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I bet there are lots of great foods right in your local natural foods store that have never seen the inside of your shopping cart. Sure, some of them seem intimidating or just for health nuts, but you could be missing out on your next favorite food and a whole lot of nutrition. Here’s a list of 5 fantastic superfoods and a few easy ways to incorporate them into your diet.

COCONUT OIL

After suffering a bad rap for years because of its saturated fat content, coconut oil is now known to contain medium chain fatty acids which are used by your body quickly as energy as opposed to being stored as fat.  It contains lauric acid, also found in breast milk, which has been shown to improve digestion, strengthen the immune system, and protect against bacterial, viral, and fungal infections. Look for “unrefined” or “virgin.” Raw coconut oil smells tropical, but once you cook with it, it just adds a subtle sweetness without imparting a coconut flavor. A bonus is that it has a high smoke point and can withstand higher heat cooking. How to use it:

  • Stovetop popcorn
  • Cooking pancakes and French toast
  • Chicken and Vegetable Curry
  • Granola
  • Baked goods
  • Roasting vegetables like cauliflower and sweet potatoes
  • It can do double duty as a skin moisturizer (just be sure to rub it in well, as I stained my favorite J Crew shorts once.)
QUINOA

(pronounced KEEN-wah) Although used as a grain, quinoa is a tiny, ancient seed native to South America which has a mild, nutty flavor and bouncy texture. It is gluten-free and super high in protein because it contains all the essential amino acids. Rinse the seeds well, because they are naturally coated with a bitter substance that protects them against birds and other predators. Quinoa cooks in 15 minutes, after which time its tell tale white thread curls from around the seed. How to use it:

  • In place of less nutritious orzo or couscous
  • Sprinkled in a salad
  • As a breakfast cereal
  • Added to pancake batter
  • In a veggie burger
KALE

A member of the cabbage family, kale is loaded with health-promoting sulfur compounds, and it has been found to have the highest antioxidant capacity of all fruits and vegetables. It’s an amazing source of vitamins K, A and C, as well as manganese, and a very good source of dietary fiber, calcium, iron and potassium. All for very few calories! Supermarkets generally stock curly kale, the variety with the green, ruffled leaves. Keep an eye out for other varieties, including the dark green cavolo nero, plum-red Redbor kale and red Russian kale, which has purplish leaves and red veins. They can usually be used interchangeably. How to use it:

  • As a raw salad
  • Sautéed with garlic and olive oil
  • Roasted into crispy chips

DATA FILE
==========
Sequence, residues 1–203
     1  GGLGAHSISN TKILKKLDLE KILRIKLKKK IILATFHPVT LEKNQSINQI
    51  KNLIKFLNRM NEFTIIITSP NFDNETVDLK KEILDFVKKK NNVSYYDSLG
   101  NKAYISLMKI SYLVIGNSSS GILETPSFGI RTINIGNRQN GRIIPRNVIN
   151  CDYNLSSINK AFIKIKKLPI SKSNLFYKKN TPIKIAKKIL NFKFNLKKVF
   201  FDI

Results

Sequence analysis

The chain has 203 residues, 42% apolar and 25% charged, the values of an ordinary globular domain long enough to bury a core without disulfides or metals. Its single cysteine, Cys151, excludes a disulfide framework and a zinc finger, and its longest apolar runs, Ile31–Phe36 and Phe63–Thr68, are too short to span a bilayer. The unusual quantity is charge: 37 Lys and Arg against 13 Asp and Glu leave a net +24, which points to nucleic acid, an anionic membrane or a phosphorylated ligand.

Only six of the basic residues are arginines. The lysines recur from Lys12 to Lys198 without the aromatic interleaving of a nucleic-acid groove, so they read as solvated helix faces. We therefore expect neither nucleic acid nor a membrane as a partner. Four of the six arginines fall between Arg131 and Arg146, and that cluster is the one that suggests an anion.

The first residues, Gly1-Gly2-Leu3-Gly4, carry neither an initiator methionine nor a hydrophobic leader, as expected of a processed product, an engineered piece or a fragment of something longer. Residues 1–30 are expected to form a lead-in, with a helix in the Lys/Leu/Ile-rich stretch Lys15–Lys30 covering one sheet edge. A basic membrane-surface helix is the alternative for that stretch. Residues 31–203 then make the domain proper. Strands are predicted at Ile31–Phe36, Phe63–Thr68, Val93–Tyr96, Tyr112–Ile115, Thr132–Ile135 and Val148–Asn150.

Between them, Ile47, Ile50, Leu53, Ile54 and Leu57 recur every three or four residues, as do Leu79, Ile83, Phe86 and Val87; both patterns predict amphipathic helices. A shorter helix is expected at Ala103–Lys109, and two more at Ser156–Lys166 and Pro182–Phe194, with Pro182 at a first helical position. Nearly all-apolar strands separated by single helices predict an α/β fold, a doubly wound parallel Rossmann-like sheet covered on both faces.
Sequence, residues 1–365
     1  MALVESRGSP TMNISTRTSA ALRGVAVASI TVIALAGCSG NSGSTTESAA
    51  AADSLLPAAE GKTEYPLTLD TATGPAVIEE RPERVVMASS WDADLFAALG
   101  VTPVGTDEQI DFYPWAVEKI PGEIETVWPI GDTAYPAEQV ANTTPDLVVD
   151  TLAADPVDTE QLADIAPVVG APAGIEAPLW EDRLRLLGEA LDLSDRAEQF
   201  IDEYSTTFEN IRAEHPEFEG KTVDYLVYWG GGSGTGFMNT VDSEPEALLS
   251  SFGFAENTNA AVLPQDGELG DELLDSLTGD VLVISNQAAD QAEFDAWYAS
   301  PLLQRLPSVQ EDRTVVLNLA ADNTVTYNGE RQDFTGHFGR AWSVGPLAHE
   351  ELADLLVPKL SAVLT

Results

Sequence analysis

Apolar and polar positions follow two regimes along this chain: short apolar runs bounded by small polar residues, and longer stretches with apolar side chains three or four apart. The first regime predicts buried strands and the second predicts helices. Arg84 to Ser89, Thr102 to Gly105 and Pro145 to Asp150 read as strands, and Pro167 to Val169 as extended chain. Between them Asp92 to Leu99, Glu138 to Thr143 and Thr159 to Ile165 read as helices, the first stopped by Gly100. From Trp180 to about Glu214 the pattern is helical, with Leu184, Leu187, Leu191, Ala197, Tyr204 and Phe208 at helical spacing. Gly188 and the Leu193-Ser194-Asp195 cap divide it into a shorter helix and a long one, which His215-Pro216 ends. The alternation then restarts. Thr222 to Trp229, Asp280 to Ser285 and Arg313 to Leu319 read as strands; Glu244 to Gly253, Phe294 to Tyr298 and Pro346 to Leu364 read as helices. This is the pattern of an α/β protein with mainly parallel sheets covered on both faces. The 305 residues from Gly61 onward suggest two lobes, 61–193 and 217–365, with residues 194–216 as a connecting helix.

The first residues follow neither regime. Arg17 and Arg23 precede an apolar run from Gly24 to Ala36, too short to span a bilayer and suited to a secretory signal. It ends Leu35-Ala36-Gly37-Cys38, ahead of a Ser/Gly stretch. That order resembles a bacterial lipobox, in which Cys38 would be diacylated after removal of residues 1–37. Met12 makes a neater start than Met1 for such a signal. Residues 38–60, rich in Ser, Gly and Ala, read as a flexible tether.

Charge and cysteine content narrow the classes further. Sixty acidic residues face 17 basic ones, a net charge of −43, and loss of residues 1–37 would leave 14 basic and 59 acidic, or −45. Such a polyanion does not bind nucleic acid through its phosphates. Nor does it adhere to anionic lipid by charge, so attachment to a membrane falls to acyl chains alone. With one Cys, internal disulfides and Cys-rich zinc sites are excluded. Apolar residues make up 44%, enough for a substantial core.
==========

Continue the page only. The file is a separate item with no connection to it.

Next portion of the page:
• Stirred into soups or tomato sauce
  • Juiced for a green drink
AVOCADOS

It may surprise you that avocados are high in protein, enzymes, fiber, potassium, vitamin E as well as healthy fats. The fats in avocados, like those in olives and nuts, are mostly monounsaturated fats—particularly oleic acid, the primary fat in olive oil. They are rich and creamy and not just for guacamole! How to use them:

  • Smooshed on top of toast with tomato and/or smoked salmon
  • Blended into a smoothie
  • On top of salad or omelet
  • In a sandwich or tacos
  • Mashed up as baby food
  • Stirred into salsa
SEAWEED

Seaweed contains a tremendous concentration of minerals, far more than are contained in land vegetables. They are a great source of vitamin B, magnesium, iron, folate, and calcium. Several varieties contain high levels of iodine which is essential in regulating the thyroid.  Interesting fact:  seaweed contains all the minerals found in human blood, as the minerals in seawater are similar to those found in our blood, with nearly identical concentrations. Different varieties you may find in the grocery store are Nori, Kombu (Kelp), Arame, Hijiki and Dulse. How to use it:

  • Nori can be wrapped around sushi rice for sushi rolls; crumbled on top of salads or in soups; and roasted for a crispy snack.
  • Kombu is great for soaking with dried beans to help improve their digestibility and alkalinity.
  • Arame and Hijiki are wonderful rehydrated and added to soups, noodles, and Asian-inspired salads.
  • Dulse can be found in flakes to be used as a condiment sprinkled over soups, salads, and whole grains.

 

Pamela Salzman is a certified holistic health counselor.  She shares her approach to nutrition through her natural foods cooking classes and website, a resource for her healthful, family-friendly recipes and nutrition tips.  She was recently profiled in Elle Magazine.